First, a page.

Beijing insists international law does not apply to the East and South China seas. Only its own.
Asian countries push back on China demand
By Jamie Seidel
12 Feb, 2023 04:52 AM 7 mins to read
Jakarta is calling Beijing’s bluff.
Indonesia has moved to revive regional talks on China’s long-demanded “code of conduct” for the South China Sea. Will it force the new, “loveable” Xi Jinping to reveal his true colours?
Beijing is demanding that Indonesia, Brunei, Malaysia, the Philippines, Vietnam and Taiwan surrender their territorial rights to the South China Sea. But all have rejected its claim of “historical” ownership of the 3.5 million square kilometre waterway.
Now escalating military pressure from China is forcing the traditionally non-aligned South East Asian states to seek mutual and international support.
“The situation in the South China Sea is far from stable,” Centre for Strategic and International Studies (CSIS) analyst Greg Poling says.
“Chinese vessels engaged in dangerous and escalatory encounters with those of other states regularly throughout 2022.”
Now Jakarta has put Beijing in a position where it must either put up or shut up.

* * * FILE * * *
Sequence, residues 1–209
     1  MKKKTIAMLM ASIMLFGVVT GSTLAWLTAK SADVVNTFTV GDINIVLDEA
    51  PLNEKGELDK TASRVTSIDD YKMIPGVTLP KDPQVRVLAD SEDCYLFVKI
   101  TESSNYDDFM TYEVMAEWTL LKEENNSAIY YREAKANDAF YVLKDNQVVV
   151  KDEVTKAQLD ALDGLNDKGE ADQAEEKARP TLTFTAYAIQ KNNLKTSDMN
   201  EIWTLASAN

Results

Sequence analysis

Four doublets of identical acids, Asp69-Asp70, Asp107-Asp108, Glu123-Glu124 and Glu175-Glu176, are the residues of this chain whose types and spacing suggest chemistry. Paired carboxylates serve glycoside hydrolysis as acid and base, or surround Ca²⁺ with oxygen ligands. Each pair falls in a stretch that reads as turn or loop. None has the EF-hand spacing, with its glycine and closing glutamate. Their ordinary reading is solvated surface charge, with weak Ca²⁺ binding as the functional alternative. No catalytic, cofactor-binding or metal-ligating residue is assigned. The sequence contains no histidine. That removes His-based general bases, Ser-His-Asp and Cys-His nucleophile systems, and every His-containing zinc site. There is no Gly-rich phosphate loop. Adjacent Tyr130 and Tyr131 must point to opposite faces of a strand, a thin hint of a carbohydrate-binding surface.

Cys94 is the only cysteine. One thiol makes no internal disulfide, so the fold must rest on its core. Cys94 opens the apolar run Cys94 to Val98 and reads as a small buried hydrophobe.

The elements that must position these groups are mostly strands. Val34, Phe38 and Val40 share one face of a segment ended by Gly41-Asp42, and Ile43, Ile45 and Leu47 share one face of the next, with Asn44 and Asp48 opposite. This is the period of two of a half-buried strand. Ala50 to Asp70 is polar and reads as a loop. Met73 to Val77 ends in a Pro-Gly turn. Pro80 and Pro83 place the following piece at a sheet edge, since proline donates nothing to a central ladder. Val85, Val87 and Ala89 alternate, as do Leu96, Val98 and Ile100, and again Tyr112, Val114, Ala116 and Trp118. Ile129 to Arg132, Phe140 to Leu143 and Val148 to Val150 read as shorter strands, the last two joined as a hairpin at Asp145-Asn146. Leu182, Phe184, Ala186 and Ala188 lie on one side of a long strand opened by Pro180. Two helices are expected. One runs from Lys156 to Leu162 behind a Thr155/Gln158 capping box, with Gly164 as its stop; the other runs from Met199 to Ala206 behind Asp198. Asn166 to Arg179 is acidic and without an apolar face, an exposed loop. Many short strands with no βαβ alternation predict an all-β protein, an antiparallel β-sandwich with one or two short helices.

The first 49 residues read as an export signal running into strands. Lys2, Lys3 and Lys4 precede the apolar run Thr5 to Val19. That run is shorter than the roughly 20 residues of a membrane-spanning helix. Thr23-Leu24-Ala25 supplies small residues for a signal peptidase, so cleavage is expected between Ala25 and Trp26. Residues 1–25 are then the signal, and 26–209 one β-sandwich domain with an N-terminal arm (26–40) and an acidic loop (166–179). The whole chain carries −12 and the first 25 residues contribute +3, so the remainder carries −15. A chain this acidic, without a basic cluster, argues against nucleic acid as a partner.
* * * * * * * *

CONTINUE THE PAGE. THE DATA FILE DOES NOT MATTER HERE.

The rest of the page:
A two-day meeting of the powerful Association of Southeast Asian Nations (ASEAN) regional bloc produced a statement stating China’s artificial island fortresses and aggressive behaviour at sea, “have eroded trust and confidence, increased tensions and may undermine peace, security and stability in the region”.
But the ASEAN ministers have agreed to Beijing’s demands to restart talks on a decades-old proposal for a mutual “code of conduct”.
On the surface, Beijing is pleased.
“This helps China and ASEAN members to enhance trust, build consensus, and achieve the goal of managing crises, preventing conflicts and deepening practical maritime co-operation through the establishment of rules and regulations at an early date,” Ding Duo of China’s National Institute for South China Sea Studies says.
The regional envoys, however, aren’t playing by Beijing’s rules.
ASEAN has invoked “the universally recognised principles of international law, including the 1982 United Nations Convention on the Law of the Sea (UNCLOS)”.
But Beijing insists international law does not apply to the East and South China seas. Only its own.
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